30th Jan 2013



The claimant perfume distributor (X) claimed damages from the defendant perfume manufacturer (C) for breach of contract, and C counterclaimed.

X had distributed luxury perfumes supplied by C under a 2003 oral agreement. Following a loss of trust and confidence between the parties, in July 2010 C gave X 12 months' notice to terminate the agreement. C refused to supply large orders placed by X in July and August 2010, and in September 2010 X accepted that failure to supply as a repudiatory breach of the agreement. Both claim and counterclaim asserted an entitlement to damages for loss of profits between September 2010 and July 2011 when the agreement would have ended. It fell to be determined whether the conduct of either party constituted breaches of the agreement and, if so, whether such breaches were sufficiently serious to amount to a repudiation of the agreement.


(1) C had no discretion to refuse X's orders under the distribution agreement and was obliged to supply them provided that they were reasonable. However, X's orders of July and August 2010 were considerably larger than any other order placed since 2003 and were not placed wholly for a genuine, current business need but as an attempt to protect X's interest for the remaining period of the contract. The orders were therefore unreasonable for X's anticipated sales when made, and C had been entitled to reject them or make their acceptance subject to different terms (see paras 148, 374, 378, 382 of judgment). (2) There was no express or implied term in the agreement prohibiting C from selling its perfume through a website. C's internet sales did not, therefore, breach the agreement (paras 236, 245). (3) There was no express or implied term in the agreement that obliged X to compensate C for any gain it had made as a result of currency fluctuations. Specific agreement relating to certain orders placed by X in 2006, 2007/8 and 2009 arising out of exchange rate fluctuation and the effect that they might have on C's margins had all been satisfied, and there was no breach of contract by X in that respect (paras 168, 179, 181, 276). (4) There was no express term in the agreement requiring X to spend 10 per cent of its profits each year on marketing C's perfume, but there was an implied term that X would spend a reasonable amount on marketing, which was of the order of 10 per cent of its margin. X's failure to provide C with details of marketing spend amounted to a serious breach of the agreement (paras 164, 267, 275). (5) There was no express or implied term in the agreement that X would provide C with information as to stock levels or sales figures, but there was an implied obligation to provide C reasonable information relevant to the running of its brand. X's refusals to provide information as to stock levels so that C could be satisfied that it was properly obliged to supply orders amounted to a breach of the agreement, but since C had gone on to supply orders in any event, it had not treated that breach as repudiatory (paras 197-198, 284). (6) X had paid some invoices late, and in tranches rather than by one single payment, but given C's acceptance of the late payments, that did not amount to repudiatory breaches in the circumstances (paras 206, 291). (7) There was an express agreement between the parties from April 2009 that X's installation of perfume counters in various stores had to have C's approval. X had scheduled the installation of counters before obtaining C's approval. That could lead to the reputation of C's brand being diminished, and amounted to a serious breach of contract (paras 257, 300). (8) X's failure to provide details of marketing spend, the failure to provide reasonable information, and the failure to seek approval for counters were all continuing breaches of duty which, taken cumulatively, would have entitled C to accept repudiation of the contract. It had chosen not to do so but to continue supplying perfume to X. As the breaches were, however, continuing, C was entitled to accept them as repudiation at any time while they still continued. Against that background, the placing of excessive orders in July and August 2010 without any information to support or explain them was clearly regarded by C as the last straw, and was an additional repudiatory breach. The contract was therefore terminated by C as a result of X's conduct. X's claim therefore failed, and C's counterclaim was allowed in part (paras 390-399, 401).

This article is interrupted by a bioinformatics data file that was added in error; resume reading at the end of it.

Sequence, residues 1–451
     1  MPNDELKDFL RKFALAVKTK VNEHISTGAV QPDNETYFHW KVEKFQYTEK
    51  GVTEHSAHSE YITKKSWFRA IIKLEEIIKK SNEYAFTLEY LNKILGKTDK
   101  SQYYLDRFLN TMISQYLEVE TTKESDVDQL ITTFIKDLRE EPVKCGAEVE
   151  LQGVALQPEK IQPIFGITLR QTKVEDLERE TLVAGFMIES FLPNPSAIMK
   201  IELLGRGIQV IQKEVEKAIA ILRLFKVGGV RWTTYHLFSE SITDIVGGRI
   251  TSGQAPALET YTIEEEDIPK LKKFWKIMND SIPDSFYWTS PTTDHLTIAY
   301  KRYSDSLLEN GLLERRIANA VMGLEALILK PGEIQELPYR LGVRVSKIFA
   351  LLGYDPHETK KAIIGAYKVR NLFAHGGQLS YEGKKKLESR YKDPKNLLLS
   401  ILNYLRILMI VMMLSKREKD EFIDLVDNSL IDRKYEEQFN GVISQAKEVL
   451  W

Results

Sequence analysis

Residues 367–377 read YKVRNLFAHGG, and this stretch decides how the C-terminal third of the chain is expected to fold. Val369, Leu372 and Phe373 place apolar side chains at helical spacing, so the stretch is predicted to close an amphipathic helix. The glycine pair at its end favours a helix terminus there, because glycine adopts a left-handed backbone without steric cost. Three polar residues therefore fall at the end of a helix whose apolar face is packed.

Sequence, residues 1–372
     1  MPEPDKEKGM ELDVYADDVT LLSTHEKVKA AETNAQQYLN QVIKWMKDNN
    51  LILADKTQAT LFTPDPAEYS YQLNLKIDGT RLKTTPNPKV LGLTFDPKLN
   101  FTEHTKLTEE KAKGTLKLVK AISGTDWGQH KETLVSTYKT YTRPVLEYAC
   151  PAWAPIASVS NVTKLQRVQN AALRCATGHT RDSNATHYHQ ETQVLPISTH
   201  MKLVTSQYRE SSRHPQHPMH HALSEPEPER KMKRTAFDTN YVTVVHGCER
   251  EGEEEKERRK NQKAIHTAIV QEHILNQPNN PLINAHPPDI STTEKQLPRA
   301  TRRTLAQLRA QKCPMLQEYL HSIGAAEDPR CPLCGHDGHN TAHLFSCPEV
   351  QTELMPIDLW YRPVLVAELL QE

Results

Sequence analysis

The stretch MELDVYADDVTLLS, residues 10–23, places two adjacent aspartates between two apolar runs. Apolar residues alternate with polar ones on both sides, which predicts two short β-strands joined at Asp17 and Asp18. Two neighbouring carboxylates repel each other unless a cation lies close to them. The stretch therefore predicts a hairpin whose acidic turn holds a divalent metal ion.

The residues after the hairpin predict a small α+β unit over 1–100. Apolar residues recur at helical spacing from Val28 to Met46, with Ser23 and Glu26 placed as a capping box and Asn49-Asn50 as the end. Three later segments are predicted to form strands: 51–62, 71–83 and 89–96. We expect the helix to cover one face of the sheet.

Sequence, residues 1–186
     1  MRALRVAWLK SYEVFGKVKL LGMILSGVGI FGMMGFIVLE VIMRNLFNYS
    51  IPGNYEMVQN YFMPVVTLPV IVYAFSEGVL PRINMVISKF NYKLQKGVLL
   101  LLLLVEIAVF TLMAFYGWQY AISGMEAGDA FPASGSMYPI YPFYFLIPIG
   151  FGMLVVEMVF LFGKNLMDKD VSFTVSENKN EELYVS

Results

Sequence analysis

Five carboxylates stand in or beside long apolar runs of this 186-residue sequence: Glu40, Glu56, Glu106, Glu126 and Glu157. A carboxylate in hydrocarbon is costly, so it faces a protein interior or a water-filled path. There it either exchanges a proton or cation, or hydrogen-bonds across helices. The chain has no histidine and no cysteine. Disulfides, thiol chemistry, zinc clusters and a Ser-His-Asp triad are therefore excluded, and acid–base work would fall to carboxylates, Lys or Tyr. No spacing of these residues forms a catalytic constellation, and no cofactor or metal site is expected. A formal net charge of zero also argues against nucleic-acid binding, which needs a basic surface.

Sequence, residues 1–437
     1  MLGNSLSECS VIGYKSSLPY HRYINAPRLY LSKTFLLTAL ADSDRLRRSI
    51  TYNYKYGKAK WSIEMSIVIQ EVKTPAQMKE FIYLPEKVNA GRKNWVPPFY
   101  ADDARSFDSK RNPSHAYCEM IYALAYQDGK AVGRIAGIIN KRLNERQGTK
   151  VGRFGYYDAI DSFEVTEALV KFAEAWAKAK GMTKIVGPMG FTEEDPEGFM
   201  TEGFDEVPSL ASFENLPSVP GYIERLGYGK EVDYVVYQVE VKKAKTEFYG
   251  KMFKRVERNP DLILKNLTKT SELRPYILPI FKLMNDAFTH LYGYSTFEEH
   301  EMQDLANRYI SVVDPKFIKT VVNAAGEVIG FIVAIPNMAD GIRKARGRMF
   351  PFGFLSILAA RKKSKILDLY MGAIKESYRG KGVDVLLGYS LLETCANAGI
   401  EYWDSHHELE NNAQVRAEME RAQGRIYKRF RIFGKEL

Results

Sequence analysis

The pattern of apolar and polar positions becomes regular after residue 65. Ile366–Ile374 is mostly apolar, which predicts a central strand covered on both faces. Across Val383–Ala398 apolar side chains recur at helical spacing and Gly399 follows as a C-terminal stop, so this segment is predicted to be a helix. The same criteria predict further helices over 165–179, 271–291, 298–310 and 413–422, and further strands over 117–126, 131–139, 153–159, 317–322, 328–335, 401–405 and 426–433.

Claim dismissed, counterclaim allowed in part.


A manufacturer of luxury perfumes had been entitled to terminate a distribution agreement and to refuse to supply unreasonable orders where the distributor had committed various repudiatory breaches of contract by failing to provide details of its marketing spend, failing to provide the manufacturer with reasonable information relevant to the running of its brand, failing to seek approval before installing perfume counters in stores, and in placing the unreasonable orders which were not made as part of a genuine, current business need but an attempt to protect the distributor's interest for the remaining period of the contract.


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